Figure 1 - Dismal runlife
As part of our consultancy work, we’ve used figure 2 for years to represent the ESP lifecycle. the key is to implement the upper part of the lifecycle ‘failure analysis’ to improve equipment specification. i was teaching a course earlier this year for a client when it struck me like a bolt of lightning that this diagram is what we do, that is ‘so wrong’! this diagram represents doing the same thing over and over again – known as photocopy engineering. albert einstein called this the definition of stupidity: doing the same thing with the expectation of different results.
Figure 2 - ESP lifecycle
If we want to improve ESP runlife, what we really need to do is understand the cause of all failures and identify a corrective action to prevent the recurrence of the failure. This means evolving an ESP specification that is appropriate for the well operating conditions. I spent a little time thinking about how we could represent a process that more accurately reflects what we should be doing on our wells to drive improvement. We came up with Figure 3. This image represents learning from every failure, applying corrective actions and taking steps to improve, increasing our runlife on every subsequent installation.
Figure 3 - Progressive runlife improvement
Figure 4 represents what needs to happen for every failure to drive runlife improvement.
Figure 4 - Corrective actions drive runlife improvement
This doesn’t just apply to ESPs. I was consulting for a company in California in 2009, and they had a really good runlife on their rod pumps (2-3 years or more); however, they had a small population of wells that had repetitive short runlives. Short lives cost that company millions of dollars. Doing the same thing repeatedly was not working; the short runlives persisted. The solution was to make sure that the person responsible for the replacement design did something different from the previous installation. Solutions were:
- having people attend pump teardowns and develop a corrective action;
- using VSDs to control the speed of the up and downstroke based on pump card;
- co-rod on wells with high deviation;
- improved materials for valves, plunger, and barrel.
Together, we were able to successfully extend runlife on these problem wells.
The recent Spears Q1 2020 Artificial Lift Report stated that:
“US horizontal drilling – wells with extremely long laterals – encouraged the start-up of several ESP suppliers who specialized in renting inexpensive pumps.”
In my opinion, using inexpensive rented ESP systems on unconventional wells is madness! By default, these inexpensive systems are low specification or systems that have already been used and stressed in somebody else’s well.
Unconventional wells can be gassy, produce solids, may be hot, have changing flowrates with time, and are challenging. Think of unconventional wells as being the equivalent of going “off-roading”, you need a Ford F150, not a Fiesta!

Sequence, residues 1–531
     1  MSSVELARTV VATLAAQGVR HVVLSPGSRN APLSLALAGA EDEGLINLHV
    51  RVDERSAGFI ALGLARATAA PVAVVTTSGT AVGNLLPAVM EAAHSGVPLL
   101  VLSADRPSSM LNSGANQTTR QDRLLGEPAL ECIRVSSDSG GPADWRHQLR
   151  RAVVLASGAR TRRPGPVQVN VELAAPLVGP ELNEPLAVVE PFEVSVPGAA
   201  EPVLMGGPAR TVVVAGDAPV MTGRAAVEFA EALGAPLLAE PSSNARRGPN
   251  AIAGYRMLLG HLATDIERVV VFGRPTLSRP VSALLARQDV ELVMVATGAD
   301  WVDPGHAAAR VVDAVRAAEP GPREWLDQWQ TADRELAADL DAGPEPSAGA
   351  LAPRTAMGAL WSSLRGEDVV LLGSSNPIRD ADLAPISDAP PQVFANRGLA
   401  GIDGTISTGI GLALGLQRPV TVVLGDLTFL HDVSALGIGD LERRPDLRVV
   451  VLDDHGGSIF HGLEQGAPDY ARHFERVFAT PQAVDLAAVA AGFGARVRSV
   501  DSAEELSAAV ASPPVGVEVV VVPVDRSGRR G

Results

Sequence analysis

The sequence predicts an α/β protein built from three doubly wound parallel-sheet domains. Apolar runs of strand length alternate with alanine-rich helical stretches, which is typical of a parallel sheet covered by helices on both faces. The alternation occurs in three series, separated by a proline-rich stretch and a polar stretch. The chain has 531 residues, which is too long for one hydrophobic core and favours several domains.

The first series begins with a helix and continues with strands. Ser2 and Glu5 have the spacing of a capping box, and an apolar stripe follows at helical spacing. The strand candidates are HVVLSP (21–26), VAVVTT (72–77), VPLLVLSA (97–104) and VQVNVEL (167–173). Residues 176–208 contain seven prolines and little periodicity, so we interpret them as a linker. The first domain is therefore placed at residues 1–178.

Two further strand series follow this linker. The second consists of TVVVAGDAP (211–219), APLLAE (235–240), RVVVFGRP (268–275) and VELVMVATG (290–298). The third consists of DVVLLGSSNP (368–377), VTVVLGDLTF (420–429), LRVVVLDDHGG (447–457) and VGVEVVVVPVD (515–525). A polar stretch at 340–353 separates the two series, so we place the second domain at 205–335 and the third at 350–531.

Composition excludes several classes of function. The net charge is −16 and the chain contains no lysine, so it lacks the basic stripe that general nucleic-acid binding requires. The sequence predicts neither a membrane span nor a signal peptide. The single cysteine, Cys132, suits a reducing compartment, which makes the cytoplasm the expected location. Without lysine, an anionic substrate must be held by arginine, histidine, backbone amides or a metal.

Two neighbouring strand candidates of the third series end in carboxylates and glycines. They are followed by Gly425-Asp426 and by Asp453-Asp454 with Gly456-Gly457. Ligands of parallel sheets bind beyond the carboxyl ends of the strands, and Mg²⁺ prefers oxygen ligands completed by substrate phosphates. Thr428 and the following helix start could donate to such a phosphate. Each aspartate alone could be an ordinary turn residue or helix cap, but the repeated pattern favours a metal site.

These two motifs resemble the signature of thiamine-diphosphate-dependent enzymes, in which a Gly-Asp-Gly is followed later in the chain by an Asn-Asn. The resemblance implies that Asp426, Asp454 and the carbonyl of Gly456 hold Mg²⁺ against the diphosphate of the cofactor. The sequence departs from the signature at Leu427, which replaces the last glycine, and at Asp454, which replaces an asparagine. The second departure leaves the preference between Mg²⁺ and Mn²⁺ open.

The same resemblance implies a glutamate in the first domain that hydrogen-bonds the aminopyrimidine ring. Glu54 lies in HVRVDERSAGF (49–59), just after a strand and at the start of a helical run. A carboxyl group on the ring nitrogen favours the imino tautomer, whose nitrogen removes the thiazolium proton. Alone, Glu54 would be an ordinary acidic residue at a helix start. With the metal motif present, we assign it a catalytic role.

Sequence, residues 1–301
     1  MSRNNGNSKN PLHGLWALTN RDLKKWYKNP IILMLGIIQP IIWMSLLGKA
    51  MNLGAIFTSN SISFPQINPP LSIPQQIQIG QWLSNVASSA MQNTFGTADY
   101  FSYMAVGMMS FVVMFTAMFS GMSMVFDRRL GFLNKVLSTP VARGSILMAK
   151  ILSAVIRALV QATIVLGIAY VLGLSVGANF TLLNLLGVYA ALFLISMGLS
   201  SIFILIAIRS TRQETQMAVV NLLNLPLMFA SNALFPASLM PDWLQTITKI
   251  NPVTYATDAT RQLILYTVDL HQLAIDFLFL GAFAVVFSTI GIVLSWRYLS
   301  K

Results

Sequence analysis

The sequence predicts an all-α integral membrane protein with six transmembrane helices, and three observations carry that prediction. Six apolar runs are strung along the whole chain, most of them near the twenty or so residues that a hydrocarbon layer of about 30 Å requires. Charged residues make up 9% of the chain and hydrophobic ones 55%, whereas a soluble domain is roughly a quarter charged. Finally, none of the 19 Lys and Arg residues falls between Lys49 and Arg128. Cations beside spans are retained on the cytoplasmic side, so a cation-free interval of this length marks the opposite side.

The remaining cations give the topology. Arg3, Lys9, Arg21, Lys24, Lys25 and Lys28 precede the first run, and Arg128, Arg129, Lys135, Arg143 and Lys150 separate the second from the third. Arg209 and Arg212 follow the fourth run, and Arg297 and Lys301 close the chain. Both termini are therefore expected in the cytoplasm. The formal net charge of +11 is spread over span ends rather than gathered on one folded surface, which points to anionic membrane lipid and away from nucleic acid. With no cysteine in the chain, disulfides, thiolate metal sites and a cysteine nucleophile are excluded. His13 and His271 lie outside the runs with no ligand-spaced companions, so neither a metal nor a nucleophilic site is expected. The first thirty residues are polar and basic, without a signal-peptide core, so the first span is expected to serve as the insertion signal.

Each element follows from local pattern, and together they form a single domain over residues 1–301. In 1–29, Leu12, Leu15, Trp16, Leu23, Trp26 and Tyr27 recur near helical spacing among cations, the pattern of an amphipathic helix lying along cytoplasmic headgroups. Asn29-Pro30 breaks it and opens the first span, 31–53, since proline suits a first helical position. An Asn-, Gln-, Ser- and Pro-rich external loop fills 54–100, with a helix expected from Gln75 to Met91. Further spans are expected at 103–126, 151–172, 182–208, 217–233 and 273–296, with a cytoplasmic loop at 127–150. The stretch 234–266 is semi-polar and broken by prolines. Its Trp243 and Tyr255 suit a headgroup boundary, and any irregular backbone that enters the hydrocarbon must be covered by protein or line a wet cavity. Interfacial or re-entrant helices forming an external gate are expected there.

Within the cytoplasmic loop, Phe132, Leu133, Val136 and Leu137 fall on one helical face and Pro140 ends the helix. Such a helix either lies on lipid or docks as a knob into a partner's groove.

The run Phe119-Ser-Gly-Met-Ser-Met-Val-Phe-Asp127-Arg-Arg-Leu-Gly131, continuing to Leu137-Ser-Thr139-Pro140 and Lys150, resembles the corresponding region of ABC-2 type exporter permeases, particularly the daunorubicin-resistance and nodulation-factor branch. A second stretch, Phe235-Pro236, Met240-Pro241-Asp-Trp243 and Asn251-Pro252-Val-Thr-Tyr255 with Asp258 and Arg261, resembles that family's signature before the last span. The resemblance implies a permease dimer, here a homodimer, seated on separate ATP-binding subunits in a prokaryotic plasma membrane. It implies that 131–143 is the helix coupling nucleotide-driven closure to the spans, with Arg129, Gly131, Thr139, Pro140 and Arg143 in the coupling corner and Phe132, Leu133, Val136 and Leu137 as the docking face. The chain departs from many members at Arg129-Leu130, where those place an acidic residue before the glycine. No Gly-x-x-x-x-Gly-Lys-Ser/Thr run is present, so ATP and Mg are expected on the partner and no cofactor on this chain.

In January of this year, I attended an SPE conference in Oman - ESP Journey to the Future, where I saw a presentation that showed that an ESP had achieved a runlife in excess of 10 years, in a steamflood, where temperatures were in excess of 425oF! For this operator, the specification they use in steamflood wells achieves better runlife, than they achieve on their lower temperature waterflood wells – proof that improved specification works. While 10 years might be overkill for an unconventional, 2 years would be a good target.
A 2 year runlife is perfectly achievable, our clients have wells that regularly get runlives greater than 2 years, with some wells in excess of 1000 days. Our software tracks these numbers, so we know the statistics. Assuming that it costs $200k per intervention and that current runlife is 6 months, extending runlife to 2 years could save $600k per well (double that number if you are getting 3 month runlives). And, if you think ‘no way’, then we can help you.
Figure 5 shows the improvement in ESP runlife for the same operator as Figure 1 – this improvement has been driven through the application of improved equipment specification.
Figure 5 - Operator from figure 1 with improved specification
Some solutions to your problems are:
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We have implemented changes like these for several operators[2,3] who have achieved significant success with modest tweaks to their specifications. You don’t have to accept short runlives; there is a better way. If you or your company would be interested in getting a better handle on your runlife and failure causes or being able to benchmark your (anonymized) ESP data against other operators in your basin, to drive down LOE/OPEX please do let us know.
- Q1 2020 Artificial Lift Report published by Spears & Associates.
- Improving ESP Application for Unconventional Wells in the Bakken by James Britvar (Oasis Petroleum LLC) and Sandy Williams (Artificial Lift Performance Ltd), SPE Gulf Coast Section Electric Submersible Pumps Symposium held in The Woodlands, Texas, USA, 2017
- Improving ESP Runlife in a New Field (Mississippi Lime); by Anville Francis, Jesse Allen (Chesapeake Corporation) Salvatore Grande (Magney Grande Distribution Inc) and Sandy Williams (Artificial Lift Performance Ltd) ), Society of Petroleum Engineers - Gulf Coast Section Electric Submersible Pump Workshop held in The Woodlands, Texas, 2015